A $91 million take on a $12 million budget all but guaranteed a sequel to the sprawling romantic comedy “Think Like a Man.” But praise goes to director Tim Story for cranking out a lively follow-up that doesn’t reek of a calculated cash grab.
More than a dozen principles getting nearly equal screen time is hardly the recipe for clarity. And Story heaps even more characters into the mix for “Think Like a Man Too.” (All but Steve Harvey, whose book inspired the first flick.) To rein in the herd, he sets the action in one place over the course of one day. Vegas, baby.
The gang reunites at Caesar’s Palace for the wedding of single mom Candace (Regina Hall) and soft-spoken Michael (Terrence Jenkins), who is still burdened by the expectations of his smothering mom, Loretta (Jenifer Lewis).
Oft-divorced motormouth Cedric (Kevin Hart, who narrates the proceedings) handles best man chores while grossly underestimating the cost of booking the group’s luxury suite.
“We’re here to make bad decisions and regret it later,” explains Zeke (Romany Malco), who together with the rest of the crew (Michael Ealy, Jerry Ferrara and Gary Owen) gear up to board the party bus that will bring them to bachelor party revelry.
Meanwhile, their significant others (Gabrielle Union, Taraji P. Henson, Meagan Good and Wendi McLendon-Covey) hope to outperform the men during a bachelorette evening. But Loretta issues her future daughter-in-law a written mandate of the do’s and don’ts of said parties. A curfew. No strippers. Etc. (“Bridesmaids” star McLendon-Covey should also have warned them to not mix drugs and alcohol.)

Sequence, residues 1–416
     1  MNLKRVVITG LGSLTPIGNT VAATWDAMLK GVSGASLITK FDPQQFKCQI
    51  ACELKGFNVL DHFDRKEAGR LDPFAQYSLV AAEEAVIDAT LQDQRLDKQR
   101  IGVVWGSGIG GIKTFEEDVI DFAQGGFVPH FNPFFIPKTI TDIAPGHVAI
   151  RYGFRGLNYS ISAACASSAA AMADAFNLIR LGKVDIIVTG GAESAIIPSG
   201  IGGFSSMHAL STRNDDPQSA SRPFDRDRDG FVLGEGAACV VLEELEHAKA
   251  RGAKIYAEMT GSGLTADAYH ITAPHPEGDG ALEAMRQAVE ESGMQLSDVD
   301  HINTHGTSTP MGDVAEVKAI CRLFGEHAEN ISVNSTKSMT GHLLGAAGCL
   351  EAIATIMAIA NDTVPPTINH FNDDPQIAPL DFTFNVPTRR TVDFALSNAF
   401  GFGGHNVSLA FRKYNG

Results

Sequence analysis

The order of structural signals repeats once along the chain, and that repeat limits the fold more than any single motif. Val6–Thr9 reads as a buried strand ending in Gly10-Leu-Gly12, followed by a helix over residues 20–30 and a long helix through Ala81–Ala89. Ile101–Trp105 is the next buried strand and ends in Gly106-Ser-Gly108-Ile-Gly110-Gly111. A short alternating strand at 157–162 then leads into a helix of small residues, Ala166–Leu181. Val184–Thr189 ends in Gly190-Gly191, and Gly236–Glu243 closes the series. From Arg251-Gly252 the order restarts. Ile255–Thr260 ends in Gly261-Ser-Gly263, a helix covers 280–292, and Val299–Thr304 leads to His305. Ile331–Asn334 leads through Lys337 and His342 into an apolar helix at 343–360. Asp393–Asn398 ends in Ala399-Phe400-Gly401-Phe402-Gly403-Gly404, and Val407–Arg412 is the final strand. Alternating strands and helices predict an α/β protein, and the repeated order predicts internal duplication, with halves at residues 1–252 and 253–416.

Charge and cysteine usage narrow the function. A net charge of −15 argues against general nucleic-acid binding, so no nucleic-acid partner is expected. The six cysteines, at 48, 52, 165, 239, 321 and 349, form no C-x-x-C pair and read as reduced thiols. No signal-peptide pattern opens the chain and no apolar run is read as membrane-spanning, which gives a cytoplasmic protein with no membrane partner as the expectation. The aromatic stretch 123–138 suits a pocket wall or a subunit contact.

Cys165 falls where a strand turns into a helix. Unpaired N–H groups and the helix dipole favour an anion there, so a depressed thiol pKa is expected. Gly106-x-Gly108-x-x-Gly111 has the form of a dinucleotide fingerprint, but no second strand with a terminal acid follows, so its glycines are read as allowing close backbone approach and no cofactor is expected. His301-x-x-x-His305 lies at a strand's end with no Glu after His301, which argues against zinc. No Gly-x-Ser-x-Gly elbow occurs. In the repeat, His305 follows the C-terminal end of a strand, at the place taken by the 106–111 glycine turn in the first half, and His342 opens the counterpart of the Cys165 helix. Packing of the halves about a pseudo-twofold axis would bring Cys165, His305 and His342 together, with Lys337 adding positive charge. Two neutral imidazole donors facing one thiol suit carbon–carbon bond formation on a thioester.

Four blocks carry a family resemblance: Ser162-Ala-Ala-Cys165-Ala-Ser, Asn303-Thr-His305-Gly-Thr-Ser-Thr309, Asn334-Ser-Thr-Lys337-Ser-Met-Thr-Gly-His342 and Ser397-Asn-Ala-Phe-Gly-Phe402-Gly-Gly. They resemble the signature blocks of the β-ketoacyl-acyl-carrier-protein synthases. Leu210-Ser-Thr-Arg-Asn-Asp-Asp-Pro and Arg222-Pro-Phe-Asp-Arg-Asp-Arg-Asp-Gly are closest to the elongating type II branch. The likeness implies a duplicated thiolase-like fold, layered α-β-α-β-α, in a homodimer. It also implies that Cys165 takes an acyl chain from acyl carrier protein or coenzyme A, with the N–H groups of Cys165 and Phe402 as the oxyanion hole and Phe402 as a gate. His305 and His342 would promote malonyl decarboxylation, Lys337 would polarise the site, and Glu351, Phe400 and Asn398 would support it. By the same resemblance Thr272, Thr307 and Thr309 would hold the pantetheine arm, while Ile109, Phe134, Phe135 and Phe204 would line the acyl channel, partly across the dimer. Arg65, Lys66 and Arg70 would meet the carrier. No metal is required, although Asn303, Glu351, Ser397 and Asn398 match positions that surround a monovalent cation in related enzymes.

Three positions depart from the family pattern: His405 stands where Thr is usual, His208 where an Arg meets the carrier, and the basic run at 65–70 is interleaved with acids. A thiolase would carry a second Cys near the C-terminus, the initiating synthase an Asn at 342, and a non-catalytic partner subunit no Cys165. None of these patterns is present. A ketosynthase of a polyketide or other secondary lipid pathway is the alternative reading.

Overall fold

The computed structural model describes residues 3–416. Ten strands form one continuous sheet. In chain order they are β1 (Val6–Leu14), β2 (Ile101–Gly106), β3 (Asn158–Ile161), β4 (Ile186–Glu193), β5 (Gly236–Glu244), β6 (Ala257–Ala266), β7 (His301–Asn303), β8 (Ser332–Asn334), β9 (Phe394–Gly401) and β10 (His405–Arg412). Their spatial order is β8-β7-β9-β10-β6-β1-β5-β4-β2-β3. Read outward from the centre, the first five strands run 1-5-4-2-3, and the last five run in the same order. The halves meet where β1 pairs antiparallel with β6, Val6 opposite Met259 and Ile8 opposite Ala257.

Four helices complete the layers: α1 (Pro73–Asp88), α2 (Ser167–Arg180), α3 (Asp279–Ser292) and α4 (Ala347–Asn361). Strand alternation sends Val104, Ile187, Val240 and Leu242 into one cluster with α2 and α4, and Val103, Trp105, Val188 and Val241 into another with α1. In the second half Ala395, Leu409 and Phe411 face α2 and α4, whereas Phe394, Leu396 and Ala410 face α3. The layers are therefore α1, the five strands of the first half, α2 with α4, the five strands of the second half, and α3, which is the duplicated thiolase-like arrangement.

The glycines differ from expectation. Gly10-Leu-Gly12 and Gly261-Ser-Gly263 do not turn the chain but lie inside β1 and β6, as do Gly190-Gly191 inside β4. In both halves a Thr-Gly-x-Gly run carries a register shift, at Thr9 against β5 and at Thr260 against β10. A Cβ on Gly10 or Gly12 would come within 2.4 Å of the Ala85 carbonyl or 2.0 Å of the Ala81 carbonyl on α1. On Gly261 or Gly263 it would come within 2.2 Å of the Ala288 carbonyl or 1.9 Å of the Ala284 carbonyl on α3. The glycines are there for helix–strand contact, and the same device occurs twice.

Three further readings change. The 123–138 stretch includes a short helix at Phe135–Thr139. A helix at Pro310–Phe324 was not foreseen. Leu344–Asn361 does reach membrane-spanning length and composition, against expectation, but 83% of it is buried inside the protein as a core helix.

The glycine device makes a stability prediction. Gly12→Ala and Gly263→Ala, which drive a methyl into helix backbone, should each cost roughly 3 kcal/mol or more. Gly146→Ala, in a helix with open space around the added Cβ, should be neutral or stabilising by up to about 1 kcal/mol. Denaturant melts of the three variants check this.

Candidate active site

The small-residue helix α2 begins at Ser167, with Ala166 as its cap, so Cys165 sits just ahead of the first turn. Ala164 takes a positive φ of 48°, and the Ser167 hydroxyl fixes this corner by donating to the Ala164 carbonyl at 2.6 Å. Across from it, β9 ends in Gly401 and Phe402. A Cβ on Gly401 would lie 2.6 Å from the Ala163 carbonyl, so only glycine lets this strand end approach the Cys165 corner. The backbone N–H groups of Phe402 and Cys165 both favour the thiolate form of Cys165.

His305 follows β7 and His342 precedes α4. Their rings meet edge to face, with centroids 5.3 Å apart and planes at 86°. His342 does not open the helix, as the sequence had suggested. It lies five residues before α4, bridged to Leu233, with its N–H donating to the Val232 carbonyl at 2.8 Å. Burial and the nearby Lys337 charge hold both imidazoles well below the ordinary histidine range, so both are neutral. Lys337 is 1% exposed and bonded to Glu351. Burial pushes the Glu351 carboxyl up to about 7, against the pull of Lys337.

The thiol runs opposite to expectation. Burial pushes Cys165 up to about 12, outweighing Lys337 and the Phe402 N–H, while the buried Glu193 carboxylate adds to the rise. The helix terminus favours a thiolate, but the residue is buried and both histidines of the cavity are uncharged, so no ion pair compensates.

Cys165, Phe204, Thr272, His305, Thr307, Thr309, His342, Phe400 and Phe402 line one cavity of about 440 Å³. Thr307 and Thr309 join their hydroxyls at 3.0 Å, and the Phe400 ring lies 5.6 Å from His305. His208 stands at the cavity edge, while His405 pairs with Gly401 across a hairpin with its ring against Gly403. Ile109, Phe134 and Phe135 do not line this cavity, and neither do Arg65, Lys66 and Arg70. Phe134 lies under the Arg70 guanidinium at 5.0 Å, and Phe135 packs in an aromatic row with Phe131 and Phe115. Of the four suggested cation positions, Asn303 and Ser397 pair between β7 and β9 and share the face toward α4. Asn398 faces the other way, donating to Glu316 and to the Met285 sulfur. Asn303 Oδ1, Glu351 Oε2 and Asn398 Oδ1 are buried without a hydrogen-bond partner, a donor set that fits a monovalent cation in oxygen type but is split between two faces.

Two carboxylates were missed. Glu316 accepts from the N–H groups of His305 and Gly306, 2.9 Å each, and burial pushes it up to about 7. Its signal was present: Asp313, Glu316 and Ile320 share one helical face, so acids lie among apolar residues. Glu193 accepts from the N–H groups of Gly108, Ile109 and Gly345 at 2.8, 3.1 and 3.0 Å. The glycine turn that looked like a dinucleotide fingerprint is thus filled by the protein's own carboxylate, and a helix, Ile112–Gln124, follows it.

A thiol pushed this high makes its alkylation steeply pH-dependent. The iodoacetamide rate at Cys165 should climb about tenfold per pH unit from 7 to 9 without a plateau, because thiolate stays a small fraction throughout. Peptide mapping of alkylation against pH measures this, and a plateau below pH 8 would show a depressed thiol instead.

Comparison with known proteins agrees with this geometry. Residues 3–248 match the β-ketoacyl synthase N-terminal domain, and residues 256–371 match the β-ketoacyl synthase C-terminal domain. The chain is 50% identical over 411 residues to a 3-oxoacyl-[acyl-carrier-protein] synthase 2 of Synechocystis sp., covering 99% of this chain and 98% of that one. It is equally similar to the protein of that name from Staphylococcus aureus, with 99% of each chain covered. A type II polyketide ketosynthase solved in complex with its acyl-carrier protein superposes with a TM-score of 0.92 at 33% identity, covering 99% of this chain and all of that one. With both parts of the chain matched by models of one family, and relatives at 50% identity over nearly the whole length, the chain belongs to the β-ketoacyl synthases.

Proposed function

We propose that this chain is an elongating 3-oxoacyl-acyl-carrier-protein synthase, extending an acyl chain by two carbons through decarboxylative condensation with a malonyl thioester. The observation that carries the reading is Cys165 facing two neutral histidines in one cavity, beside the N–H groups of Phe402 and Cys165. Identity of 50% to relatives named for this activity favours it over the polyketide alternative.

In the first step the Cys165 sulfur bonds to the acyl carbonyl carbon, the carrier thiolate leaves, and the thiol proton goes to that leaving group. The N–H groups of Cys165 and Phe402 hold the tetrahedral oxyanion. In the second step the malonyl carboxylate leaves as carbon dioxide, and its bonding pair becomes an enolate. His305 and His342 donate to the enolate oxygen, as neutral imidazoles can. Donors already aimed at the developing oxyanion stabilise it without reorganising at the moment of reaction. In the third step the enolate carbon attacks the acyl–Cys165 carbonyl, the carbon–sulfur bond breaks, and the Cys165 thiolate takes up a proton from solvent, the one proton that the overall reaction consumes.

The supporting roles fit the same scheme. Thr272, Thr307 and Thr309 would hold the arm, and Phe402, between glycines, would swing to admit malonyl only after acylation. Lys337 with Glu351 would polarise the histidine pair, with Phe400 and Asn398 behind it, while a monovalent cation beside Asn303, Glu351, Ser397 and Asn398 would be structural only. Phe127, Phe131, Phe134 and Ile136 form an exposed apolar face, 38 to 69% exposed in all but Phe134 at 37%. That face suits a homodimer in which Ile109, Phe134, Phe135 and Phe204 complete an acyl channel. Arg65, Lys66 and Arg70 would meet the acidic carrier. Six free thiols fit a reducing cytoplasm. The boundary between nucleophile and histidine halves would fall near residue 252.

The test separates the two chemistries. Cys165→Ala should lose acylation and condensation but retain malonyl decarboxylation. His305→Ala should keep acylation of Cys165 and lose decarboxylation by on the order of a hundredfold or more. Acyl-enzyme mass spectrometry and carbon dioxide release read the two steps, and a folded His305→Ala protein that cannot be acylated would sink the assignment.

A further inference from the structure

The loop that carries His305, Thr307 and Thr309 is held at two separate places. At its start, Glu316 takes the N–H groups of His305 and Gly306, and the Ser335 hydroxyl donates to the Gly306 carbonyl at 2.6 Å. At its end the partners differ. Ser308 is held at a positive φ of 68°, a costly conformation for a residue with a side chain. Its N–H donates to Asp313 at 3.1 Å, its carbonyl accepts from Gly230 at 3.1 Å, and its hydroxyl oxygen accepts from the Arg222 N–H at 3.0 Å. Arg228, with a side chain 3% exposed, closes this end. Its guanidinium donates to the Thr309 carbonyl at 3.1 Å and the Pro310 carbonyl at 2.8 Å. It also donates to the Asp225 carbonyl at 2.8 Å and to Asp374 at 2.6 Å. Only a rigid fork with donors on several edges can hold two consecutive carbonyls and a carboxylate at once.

The men’s and women’s evenings disastrously intersect in ways that are often predictable but usually amusing.
“Think Like a Man Too” ultimately rests on the charm of its cast, an appealing mix of 30- and 40-somethings. Had this been a batch of 20-year-olds, the movie might have come across more crass, more frat party. But there’s a lived-in feel to these characters. Their camaraderie feels deeper because of the maturity involved.
Story (who directed Hart in “Ride Along”) keeps the pace crackling. And the images are engaging: In a pot-fueled club scene, the bachelorettes suddenly become part of a music video set to the Bel Biv DeVoe track “Poison.” And while the men are seated around a table at a strip club, dancers keep interrupting the sightline of their discussions. It’s not played for laughs or titillation, but instead a clever way to spice up a conversation.
Headliner Hart has obviously blown up since the 2012 original, appearing in six features during that interim. He shows no signs of going through the motions yet, starting this film at a fever pitch and growing increasingly manic as his financial castle crumbles. All this while taunted by Sinatra’s “Luck Be a Lady” on the soundtrack.
“I’m the worst best man ever,” he bellows.
Even with an ensemble as confident as his “Think” co-stars, there’s the sense Hart always believes a movie rests on his 5-foot, 2-inch frame. If the movie were a stalled party bus, he’d be the first to get out and start pushing.
‘THINK LIKE A MAN TOO’
Rated PG-13 | Time: 1:46